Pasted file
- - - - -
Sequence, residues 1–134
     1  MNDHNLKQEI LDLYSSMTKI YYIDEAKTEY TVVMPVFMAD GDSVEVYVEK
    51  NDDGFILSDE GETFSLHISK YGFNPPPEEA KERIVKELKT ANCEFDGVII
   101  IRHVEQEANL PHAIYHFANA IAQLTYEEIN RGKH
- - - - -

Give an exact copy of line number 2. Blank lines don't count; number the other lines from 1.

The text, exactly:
     1  MNDHNLKQEI LDLYSSMTKI YYIDEAKTEY TVVMPVFMAD GDSVEVYVEK